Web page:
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Top 5 HIPAA Data Security Risks

The insightful folks over at have published a must-read article for anyone in healthcare IT and/or records management: It’s the Top 5 HIPAA Security Risks as Providers Migrate to the Cloud. The fact such a list exists illustrates the challenges IT professionals face with HIPAA data security requirements.

This interested us at The Data Vault because, unlike most cloud backup/data recovery providers, we are in the business of both paper records management and digital data backup and management. We have both feet in the HIPAA waters.

Anyway, we have to feel like CloudTweaks got it right. HIPAA and the HITECH Act are designed to ensure privacy and security, and it doesn’t matter to the federal government what information technology platform you use. As such, there will be breaches, be it digital data or paper. Here’s a condensed look at the list.

1. Theft of Laptops or Portable Devices

CloudTweaks points out that 44 percent of all digital breaches are from laptops, and 51 percent of all breaches are theft. It doesn’t require a hacker or a sleuth to break into a doctor’s car and steal his laptop. Yeah, leaving your laptop in the car doesn’t exactly meet those HIPAA data security regulations.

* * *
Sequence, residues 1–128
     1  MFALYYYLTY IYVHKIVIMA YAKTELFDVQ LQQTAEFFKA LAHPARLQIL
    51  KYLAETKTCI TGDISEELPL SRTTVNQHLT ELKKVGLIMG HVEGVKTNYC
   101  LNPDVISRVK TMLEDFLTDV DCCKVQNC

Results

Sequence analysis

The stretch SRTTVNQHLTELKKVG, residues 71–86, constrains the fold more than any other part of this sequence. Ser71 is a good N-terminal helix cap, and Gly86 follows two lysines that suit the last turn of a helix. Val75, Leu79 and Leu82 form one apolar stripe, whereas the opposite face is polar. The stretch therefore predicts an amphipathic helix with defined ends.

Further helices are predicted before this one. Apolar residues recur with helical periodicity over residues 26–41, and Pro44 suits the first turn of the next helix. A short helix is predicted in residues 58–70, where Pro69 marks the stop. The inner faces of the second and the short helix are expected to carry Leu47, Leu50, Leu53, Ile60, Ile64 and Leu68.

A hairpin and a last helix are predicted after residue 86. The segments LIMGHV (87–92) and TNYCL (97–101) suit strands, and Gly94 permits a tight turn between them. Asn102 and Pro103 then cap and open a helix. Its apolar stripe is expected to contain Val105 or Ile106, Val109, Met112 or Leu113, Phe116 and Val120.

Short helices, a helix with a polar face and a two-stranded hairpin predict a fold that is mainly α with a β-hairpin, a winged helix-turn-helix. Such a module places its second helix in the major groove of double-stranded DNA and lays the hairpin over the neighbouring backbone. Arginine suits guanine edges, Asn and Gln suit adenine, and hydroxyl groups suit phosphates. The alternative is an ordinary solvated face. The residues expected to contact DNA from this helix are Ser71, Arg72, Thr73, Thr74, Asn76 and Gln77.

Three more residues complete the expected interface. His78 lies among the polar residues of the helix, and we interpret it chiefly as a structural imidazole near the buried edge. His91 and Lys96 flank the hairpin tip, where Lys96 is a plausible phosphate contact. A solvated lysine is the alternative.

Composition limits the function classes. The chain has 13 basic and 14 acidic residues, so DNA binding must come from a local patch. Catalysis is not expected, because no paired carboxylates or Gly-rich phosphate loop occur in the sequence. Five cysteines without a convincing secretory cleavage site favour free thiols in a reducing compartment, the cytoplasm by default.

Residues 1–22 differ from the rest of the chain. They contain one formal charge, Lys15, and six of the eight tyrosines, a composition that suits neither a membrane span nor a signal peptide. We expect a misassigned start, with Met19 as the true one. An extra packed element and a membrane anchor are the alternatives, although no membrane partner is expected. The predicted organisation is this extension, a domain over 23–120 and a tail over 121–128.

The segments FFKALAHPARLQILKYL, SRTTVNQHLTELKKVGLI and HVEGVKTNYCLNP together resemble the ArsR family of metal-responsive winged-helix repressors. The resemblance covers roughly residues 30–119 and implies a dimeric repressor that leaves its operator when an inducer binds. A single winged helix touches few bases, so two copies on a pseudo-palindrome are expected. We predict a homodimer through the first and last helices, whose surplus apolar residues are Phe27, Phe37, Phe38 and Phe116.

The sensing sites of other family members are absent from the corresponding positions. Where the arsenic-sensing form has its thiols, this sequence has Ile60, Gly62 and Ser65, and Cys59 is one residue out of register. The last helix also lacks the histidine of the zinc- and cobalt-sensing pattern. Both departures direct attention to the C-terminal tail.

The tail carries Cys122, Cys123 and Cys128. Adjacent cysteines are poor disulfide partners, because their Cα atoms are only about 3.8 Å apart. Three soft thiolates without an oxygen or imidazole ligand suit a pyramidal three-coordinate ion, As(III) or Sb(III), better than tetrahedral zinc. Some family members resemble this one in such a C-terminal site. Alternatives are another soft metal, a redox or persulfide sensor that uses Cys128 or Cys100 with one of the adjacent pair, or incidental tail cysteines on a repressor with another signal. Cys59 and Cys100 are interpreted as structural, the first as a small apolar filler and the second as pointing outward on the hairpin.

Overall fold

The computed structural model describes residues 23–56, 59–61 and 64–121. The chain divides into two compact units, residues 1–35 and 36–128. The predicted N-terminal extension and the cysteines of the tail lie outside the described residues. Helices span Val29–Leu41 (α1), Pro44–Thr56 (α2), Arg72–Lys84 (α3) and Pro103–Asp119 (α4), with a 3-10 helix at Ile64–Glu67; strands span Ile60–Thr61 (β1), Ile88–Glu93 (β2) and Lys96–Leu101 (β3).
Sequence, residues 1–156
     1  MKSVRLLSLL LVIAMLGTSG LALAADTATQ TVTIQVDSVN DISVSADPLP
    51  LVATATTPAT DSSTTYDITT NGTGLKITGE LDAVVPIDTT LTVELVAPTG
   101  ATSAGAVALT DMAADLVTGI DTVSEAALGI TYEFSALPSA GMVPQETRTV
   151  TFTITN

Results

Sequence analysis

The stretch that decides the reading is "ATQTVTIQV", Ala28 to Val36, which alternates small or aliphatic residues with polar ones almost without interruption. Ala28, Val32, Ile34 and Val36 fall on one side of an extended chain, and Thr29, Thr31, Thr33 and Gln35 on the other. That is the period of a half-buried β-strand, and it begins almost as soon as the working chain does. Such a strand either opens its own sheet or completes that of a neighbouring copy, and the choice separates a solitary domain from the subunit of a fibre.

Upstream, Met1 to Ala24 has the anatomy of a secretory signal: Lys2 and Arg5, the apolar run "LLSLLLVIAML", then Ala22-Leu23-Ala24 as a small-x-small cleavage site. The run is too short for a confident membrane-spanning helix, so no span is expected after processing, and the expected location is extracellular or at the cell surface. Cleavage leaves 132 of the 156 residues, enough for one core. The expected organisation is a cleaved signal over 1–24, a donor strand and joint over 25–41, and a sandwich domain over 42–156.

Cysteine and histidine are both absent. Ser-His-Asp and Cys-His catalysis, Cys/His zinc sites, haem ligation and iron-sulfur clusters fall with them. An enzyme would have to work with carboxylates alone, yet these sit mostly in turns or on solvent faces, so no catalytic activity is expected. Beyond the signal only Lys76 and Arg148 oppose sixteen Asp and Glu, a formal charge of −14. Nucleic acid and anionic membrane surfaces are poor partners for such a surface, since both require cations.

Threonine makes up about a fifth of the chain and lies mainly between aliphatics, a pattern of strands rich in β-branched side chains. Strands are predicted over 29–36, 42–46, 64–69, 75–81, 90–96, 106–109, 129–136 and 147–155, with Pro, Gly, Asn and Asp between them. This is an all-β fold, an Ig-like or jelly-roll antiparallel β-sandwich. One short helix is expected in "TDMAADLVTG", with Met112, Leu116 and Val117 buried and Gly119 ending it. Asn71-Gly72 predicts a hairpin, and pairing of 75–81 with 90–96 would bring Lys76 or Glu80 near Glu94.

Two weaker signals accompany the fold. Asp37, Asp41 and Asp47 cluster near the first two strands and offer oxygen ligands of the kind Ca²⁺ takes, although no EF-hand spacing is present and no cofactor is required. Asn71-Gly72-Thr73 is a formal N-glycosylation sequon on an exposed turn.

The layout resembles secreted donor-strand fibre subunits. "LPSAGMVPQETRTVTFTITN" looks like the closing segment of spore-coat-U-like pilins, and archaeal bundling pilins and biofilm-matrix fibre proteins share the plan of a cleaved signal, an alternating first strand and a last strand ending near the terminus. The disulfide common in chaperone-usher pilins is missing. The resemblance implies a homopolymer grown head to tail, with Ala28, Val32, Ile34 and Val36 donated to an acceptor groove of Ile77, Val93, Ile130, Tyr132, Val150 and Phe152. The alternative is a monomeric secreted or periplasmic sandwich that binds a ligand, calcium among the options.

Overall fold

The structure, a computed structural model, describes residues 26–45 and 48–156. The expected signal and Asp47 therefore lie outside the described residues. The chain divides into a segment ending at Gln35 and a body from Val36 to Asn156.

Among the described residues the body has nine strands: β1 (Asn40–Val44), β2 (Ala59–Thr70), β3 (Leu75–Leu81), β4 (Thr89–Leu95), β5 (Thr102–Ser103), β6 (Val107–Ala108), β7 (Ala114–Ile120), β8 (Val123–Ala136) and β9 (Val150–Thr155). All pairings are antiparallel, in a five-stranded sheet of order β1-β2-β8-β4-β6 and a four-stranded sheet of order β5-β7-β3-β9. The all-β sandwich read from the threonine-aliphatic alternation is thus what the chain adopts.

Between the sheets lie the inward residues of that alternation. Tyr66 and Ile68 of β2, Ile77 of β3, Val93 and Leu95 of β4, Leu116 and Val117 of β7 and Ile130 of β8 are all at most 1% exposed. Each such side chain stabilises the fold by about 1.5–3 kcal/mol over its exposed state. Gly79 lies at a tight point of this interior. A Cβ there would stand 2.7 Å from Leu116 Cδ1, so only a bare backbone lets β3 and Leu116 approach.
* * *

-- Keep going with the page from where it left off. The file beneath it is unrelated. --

2. Paper Files

This is the next most common security breach when it comes to HIPAA. It’s easy to lose a piece of paper from a file, especially given the extensive nature of medical files. Time to consider a transition to EMR.

3. Unauthorized Access/Disclosure from Devices or Paper Files

After breaches involving paper files come mobile devices, laptops and computers. Most often, it involves a hospital or medical office worker not following protocol and giving out information they should not. That’s a HIPAA data security no-no.

4. Loss of Paper Files or Devices

Sometimes a file just disappears. It happens. Sometimes a device may even disappear, but more likely it’s going to be a file or folder of files on a device. You have to be HIPAA compliant in the event of the latter, and if you’re moving to the cloud, be sure you choose a provider that offers full security and compliance.

5. Hacking/IT Incidents

Surprisingly, this type of breach makes up only about 6 percent of all security breaches. Once again, if you’re considering migrating to cloud backup and data recovery, make sure you choose a provider that offers security from hackers.

I encourage you to read the full article, especially if you’re an IT professional in the healthcare field. Fascinating stuff, and let’s face it: HIPAA data security requirements aren’t going to relax anytime soon.


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